Review: Before the Transformers get their Revenge, check out The Complete First Season on DVD

Long before they served as a hyper-mechanized backdrop for Megan Fox's glistening, suntanned abdomen, the Transformers were toys, animated and hand-drawn characters, and the basis for a beloved and inspiring childhood mythology. Created in 1984 via a multimedia blitz of Marvel comics, Hasbro action figures and half-hour cartoons, they became instant pop-culture icons and subsequently spawned an animated feature, multiple generations of characters and, eventually, two live-action films directed by Michael Bay.

In anticipation of the forthcoming Transformers: Revenge of the Fallen, Shout Factory has re-released Transformers: The Complete First Season on DVD. A collection of season-one episodes available several times over thanks to many, many different releases, the set is effectively timed and suitably comprehensive, but it reveals few new or different details about the mythology of the franchise, making this a collection better suited for uninitiated viewers than longtime fans.

The Complete First Season features all 16 of the season-one episodes, including the multipart sagas "More Than Meets the Eye" and "The Ultimate Doom." In terms of presentation, the episodes have been restored to full broadcast length, although it isn't often clear where material has been re-inserted. Blame my faulty memory for Transformers minutiae if you like, but the real reason the "new" footage is indistinguishable from the old (or previously available) is because the mastering quality of the episodes is consistently average or mediocre.

As a fan who purchased the original Rhino Season One Collector's Edition in 2002, I compared the picture quality of the two releases, and one isn't significantly better than the other; worse yet, if I had to pick one over the other, I'd probably choose the '02 set, because the animation cels look more stable, the color quality is more consistent and the images are simply cleaner. Additionally, the '02 set featured a 5.1 audio mix, including a hefty bass track, while this one appears to offer only two-track stereo.

As far as the episodes themselves are concerned, despite the imagination that it took back in 1984 to come up with an entire (literal) universe, the storylines are all pretty one-dimensional: Megatron and the Decepticons try to transform the Earth's resources into Energon cubes, Optimus Prime and the Autobots roll out to stop him, and cliffhanger fight scenes ensue. That said, there's something charmingly quaint about such basic plotting, if only because—like most childhood toys—it recalls a simpler time for kid entertainment, even if it doesn't quite hold up to today's standards. But generally speaking the episodes are satisfying enough to sustain at least one or two viewings, as long as you have something else to occupy your time while you're watching them, anyway.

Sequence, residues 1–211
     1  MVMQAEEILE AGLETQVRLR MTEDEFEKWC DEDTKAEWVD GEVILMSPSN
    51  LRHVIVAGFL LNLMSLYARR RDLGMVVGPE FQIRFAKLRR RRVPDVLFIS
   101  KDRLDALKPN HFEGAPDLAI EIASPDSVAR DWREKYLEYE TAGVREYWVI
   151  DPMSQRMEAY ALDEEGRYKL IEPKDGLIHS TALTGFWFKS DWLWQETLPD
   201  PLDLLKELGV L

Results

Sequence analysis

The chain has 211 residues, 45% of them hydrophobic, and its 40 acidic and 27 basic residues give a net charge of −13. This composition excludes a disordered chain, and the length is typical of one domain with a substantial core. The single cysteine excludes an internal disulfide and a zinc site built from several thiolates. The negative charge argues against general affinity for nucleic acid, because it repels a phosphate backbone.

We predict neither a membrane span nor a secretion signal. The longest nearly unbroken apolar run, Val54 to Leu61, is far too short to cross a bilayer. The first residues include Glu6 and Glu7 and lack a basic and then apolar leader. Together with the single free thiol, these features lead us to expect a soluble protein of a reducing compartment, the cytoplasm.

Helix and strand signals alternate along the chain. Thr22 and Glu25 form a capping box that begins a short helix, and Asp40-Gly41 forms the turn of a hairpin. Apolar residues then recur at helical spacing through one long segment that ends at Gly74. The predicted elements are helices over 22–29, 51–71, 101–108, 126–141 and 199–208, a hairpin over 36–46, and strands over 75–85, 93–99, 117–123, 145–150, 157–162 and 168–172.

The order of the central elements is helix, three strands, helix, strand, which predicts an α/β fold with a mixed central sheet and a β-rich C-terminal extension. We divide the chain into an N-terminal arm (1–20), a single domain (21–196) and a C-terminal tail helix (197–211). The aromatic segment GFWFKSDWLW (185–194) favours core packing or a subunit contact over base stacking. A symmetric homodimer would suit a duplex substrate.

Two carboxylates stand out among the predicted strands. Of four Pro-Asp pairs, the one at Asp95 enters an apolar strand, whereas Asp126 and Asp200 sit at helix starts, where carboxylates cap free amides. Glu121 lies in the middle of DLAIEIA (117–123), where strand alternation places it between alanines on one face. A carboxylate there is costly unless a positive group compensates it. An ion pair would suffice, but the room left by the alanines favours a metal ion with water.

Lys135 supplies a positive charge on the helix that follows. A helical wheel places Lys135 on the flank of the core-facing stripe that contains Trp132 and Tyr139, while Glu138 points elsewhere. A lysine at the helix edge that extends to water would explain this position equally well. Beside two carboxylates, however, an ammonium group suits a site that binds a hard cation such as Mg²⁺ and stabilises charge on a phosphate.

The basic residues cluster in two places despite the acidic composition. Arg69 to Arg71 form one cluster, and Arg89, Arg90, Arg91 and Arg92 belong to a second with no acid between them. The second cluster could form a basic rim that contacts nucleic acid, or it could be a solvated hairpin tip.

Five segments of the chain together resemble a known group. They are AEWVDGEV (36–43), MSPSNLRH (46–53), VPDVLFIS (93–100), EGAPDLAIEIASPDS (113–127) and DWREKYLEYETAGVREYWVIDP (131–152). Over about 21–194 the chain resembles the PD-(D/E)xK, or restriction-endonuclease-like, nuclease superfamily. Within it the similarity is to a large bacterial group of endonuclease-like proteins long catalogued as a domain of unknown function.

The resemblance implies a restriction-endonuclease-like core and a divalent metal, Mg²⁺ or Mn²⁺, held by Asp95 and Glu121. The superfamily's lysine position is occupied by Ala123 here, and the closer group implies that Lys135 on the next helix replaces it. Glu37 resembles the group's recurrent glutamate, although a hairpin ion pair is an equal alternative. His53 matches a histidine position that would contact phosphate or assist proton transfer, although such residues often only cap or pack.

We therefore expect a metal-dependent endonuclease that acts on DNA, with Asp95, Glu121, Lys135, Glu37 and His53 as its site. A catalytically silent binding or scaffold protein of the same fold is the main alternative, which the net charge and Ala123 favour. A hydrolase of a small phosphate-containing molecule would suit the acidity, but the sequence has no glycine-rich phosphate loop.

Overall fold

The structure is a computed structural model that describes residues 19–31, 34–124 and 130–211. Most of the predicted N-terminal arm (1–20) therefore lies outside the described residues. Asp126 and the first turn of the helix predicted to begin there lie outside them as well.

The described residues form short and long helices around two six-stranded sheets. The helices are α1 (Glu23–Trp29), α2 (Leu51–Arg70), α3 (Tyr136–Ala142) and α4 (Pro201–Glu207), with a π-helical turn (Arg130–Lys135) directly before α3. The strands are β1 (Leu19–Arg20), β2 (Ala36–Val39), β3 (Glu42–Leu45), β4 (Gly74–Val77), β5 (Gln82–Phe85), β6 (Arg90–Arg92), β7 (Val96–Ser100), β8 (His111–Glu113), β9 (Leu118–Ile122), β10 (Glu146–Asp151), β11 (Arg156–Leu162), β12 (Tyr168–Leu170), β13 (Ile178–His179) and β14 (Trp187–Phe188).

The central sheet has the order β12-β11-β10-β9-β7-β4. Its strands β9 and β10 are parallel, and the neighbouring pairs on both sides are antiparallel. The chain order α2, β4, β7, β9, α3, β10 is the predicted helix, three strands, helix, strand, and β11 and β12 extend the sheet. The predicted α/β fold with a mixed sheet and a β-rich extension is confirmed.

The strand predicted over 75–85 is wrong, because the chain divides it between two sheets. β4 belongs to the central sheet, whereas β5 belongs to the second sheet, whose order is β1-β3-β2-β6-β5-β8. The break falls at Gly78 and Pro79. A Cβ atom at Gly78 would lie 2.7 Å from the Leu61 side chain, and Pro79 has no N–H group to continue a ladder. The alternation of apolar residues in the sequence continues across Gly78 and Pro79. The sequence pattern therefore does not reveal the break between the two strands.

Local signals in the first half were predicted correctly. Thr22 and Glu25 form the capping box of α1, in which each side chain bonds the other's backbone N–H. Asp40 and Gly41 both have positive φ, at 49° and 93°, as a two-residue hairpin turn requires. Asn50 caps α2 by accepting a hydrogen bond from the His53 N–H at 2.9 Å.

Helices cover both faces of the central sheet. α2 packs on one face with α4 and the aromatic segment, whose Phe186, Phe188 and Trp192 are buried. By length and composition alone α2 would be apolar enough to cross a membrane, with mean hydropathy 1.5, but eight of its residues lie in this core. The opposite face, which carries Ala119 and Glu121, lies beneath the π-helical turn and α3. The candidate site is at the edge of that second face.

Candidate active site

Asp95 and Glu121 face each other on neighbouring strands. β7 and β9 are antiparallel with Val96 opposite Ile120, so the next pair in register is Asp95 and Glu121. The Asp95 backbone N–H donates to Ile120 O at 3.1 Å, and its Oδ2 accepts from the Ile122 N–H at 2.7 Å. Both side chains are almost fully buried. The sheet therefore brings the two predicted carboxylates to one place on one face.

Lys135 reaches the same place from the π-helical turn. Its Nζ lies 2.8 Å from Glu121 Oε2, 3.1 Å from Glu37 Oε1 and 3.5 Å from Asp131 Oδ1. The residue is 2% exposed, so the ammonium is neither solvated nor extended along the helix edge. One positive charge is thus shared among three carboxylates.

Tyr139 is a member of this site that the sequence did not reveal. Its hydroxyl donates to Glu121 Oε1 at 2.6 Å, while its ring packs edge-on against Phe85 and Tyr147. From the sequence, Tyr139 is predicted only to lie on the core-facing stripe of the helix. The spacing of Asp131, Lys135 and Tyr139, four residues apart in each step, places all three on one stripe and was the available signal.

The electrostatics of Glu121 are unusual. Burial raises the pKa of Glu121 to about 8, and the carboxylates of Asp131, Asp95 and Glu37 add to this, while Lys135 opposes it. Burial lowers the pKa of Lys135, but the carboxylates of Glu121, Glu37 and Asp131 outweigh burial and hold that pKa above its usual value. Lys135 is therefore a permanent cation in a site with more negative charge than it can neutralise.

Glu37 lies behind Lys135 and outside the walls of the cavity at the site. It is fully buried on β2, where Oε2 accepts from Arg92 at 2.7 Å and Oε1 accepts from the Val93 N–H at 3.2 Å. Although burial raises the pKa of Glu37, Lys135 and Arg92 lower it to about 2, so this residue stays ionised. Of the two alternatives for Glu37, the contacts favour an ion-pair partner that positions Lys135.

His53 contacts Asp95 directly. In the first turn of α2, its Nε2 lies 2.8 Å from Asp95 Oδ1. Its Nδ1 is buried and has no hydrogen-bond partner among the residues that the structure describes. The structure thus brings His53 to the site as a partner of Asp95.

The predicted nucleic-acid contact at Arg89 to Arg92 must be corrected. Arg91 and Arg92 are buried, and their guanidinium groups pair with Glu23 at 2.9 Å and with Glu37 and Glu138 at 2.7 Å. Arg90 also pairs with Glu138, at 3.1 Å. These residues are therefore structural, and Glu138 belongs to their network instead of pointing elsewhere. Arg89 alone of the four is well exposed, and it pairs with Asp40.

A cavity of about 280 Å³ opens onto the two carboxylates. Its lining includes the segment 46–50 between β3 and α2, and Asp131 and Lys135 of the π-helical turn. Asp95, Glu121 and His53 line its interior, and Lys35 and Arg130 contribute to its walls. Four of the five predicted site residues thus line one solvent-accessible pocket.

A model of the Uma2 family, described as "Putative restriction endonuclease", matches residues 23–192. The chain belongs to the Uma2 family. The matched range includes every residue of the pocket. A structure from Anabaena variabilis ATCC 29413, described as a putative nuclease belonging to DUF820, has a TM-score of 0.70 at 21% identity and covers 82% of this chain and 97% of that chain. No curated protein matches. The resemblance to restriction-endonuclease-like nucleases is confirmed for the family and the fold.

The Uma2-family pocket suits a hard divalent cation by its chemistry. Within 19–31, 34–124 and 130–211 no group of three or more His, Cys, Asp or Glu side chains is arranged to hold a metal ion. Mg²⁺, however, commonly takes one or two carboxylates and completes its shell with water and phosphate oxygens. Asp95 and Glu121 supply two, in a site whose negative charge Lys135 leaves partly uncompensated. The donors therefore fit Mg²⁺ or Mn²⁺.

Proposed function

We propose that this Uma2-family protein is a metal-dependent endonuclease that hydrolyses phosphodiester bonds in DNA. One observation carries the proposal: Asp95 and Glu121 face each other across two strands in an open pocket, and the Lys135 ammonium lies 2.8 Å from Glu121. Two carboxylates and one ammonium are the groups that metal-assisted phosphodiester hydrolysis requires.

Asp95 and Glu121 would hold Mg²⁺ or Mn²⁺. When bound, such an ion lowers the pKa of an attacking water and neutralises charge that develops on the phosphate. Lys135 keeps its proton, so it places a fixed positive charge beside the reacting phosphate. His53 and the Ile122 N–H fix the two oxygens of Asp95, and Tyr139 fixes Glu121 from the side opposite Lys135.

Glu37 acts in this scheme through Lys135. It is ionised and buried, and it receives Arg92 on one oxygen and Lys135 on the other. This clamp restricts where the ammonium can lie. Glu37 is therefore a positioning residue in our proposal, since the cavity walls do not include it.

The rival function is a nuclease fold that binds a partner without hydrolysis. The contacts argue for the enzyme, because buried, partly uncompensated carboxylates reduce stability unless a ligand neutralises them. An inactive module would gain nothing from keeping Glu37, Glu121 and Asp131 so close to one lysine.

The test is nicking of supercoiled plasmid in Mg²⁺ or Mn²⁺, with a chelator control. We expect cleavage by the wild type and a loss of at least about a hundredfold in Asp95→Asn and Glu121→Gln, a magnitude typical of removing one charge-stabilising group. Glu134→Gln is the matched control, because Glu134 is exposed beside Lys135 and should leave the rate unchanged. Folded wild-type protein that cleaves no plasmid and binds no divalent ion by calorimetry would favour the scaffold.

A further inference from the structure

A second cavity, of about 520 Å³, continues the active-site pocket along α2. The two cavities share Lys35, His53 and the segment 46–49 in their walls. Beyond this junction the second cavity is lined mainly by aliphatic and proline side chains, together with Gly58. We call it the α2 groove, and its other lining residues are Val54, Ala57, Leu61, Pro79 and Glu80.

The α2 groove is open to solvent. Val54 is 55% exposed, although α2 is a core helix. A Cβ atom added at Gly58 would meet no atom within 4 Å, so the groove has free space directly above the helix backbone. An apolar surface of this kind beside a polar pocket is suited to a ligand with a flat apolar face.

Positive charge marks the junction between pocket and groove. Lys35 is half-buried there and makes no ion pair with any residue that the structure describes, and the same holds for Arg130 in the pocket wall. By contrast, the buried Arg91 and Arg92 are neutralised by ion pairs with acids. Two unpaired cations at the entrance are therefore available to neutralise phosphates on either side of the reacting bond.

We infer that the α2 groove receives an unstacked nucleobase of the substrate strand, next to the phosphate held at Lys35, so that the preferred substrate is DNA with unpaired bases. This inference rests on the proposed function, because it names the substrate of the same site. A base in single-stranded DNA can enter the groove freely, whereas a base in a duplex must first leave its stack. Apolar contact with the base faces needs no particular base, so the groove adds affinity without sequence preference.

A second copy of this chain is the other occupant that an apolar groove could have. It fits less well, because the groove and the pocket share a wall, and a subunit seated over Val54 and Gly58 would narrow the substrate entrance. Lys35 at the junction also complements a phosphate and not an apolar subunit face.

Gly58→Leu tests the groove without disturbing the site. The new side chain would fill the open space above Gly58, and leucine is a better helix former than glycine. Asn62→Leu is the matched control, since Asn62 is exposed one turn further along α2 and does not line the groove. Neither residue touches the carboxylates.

In terms of extras, the three-disc set offers little in the way of new material, especially for hardcore fans. Included on Disc 3 is a printable script, a rare PSA featuring Bumblebee, archival Hasbro toy commercials and the featurette "Triple Changer: From Toy to Comic to Screen—The Origins of The Transformers." The featurette offers some thorough but basic background information on the creation of the toys and the series, complete with testimonials from series creators and toy designers, but of everything discussed, the most interesting detail that emerges is one of the creators' acknowledgment that they were aware of if not interested in beating Gobots—another childhood favorite—to the punch, commercially speaking. Meanwhile, the toy ads are a fun trip down memory lane, and the PSA is most memorable because Bumblebee says "knowing is half the battle," a subtle if deliberate reference to one of G.I. Joe's trademarked lines.

Just for comparison, the 2002 Rhino set also offered an original script ("Transport to Oblivion," the same as on the Shout edition), bumper ads, animation outtakes, animation tests, a look at Rhino's remastering process, the opening credits of the Japanese version of the show, two animation cels and the featurette "A Taste of Botcon 2001." Mind you, those extras may or may not provide any additional or more substantial background or insights into the world of The Transformers, but they're no worse, and they were produced when the commercial prospects of the show were still unconfirmed. Transformers: The Complete Season One arrives in stores building on the success of that first set, as well as many others, and not one but two live-action movies; in other words, whether or not you're committed to the cult of Cybertron, this set feels like an unnecessary rehash of the same material rather than the ultimate realization of a collection you've been building since, well, before Megan Fox's abs even existed.

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